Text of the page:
Parathyroid hormone-related protein (PTHrP) is a multifunctional peptide that enhances blood flow in non-central nervous system (CNS) vascular beds by causing vasodilation. PTHrP expression is induced in non-CNS organs in response to ischemia. Experiments were therefore undertaken to determine whether PTHrP can be induced in brain in response to ischemic injury and whether PTHrP can act locally as a vasodilator in the cerebral vasculature, an effect that could be neuroprotective in the setting of stroke. PTHrP expression was examined by Northern analysis and immunohistochemical staining in male Sprague-Dawley rats subjected to permanent middle cerebral artery occlusion (MCAO). Vasodilatory effects of superfused PTHrP(1-34) on pial arterioles were determined by intravital fluorescence microscopy. Effects of PTHrP(1-34) peptide administration on MCAO infarction size reduction were assessed. PTHrP expression was induced in the ischemic hemisphere as early as 4 h after MCAO and remained elevated for up to 24 h. Increased immunoreactive PTHrP at sites of ischemic tissue injury was located in the cerebral microvessels. Superfusion with PTHrP(1-34) peptide for up to 25 min increased pial arteriolar diameter by 30% in normal animals. In animals with permanent MCAO, PTHrP(1-34) peptide treatment significantly decreased cortical infarct size (-47%). In summary, PTHrP expression increases at sites of ischemic brain injury in the cerebrovasculature. This local increase in PTHrP could be an adaptive response that enhances blood flow to the ischemic brain, thus limiting cell injury.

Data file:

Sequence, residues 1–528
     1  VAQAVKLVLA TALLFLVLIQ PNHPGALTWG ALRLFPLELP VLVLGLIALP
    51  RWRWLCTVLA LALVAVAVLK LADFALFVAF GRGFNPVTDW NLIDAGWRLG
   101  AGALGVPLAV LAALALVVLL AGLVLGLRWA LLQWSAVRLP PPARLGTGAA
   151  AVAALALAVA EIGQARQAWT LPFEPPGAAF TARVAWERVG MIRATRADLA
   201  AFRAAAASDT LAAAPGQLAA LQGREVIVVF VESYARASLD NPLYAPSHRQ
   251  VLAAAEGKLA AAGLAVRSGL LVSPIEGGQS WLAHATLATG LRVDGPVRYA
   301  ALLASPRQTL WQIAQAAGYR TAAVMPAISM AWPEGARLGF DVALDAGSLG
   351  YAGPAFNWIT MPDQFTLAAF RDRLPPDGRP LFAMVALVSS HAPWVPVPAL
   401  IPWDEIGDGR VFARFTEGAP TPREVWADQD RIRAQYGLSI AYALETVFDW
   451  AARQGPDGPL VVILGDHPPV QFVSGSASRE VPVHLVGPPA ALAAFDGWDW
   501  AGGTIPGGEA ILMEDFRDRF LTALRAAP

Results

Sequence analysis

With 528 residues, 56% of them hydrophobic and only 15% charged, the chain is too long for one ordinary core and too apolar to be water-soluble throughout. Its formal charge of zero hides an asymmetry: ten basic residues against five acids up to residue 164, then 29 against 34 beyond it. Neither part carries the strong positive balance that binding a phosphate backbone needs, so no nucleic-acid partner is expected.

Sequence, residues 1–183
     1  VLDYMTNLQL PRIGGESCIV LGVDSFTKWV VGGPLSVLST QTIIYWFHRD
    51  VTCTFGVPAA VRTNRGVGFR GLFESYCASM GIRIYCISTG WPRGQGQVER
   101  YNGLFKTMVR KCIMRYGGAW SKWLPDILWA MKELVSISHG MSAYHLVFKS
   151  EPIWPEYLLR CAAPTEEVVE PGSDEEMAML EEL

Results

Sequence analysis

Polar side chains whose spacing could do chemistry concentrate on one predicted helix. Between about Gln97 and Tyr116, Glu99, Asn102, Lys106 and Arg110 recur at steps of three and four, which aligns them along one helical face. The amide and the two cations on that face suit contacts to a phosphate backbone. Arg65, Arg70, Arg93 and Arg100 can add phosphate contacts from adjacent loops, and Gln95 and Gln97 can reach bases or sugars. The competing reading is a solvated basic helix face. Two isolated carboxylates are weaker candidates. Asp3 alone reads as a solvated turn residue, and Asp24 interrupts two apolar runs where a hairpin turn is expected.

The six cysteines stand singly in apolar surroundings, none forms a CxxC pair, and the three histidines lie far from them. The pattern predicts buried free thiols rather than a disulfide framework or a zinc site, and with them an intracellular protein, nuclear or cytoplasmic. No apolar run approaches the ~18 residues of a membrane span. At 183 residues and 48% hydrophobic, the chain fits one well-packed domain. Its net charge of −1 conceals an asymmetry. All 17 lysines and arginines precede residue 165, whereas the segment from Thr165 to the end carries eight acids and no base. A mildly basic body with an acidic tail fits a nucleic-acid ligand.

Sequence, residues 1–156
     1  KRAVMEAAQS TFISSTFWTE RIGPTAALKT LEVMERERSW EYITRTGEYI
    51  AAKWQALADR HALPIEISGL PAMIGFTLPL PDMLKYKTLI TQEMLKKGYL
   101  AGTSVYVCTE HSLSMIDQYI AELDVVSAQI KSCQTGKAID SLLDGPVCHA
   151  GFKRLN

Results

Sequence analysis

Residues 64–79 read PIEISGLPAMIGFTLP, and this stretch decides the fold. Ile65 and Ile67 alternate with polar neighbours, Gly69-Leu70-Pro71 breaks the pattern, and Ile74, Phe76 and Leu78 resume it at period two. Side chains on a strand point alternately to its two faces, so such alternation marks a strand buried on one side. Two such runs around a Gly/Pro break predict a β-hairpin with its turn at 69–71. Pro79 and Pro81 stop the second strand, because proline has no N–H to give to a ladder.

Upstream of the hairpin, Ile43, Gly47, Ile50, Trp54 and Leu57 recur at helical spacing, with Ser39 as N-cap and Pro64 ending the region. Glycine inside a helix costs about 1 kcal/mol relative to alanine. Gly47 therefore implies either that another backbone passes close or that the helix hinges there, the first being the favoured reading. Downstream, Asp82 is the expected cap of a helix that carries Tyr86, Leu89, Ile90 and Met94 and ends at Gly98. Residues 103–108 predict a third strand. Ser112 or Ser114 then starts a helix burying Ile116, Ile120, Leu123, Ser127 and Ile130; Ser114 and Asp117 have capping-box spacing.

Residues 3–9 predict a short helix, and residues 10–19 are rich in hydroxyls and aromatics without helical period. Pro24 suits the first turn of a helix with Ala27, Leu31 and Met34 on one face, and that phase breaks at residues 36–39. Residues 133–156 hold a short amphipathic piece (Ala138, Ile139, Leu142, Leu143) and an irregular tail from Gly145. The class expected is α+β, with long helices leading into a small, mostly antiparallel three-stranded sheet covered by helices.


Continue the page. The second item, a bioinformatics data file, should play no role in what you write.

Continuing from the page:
|Original language||English (US)|
|Journal||American Journal of Physiology - Regulatory Integrative and Comparative Physiology|
|Issue number||4 53-4|
|State||Published - Apr 1 2003|
ASJC Scopus subject areas
- Physiology (medical)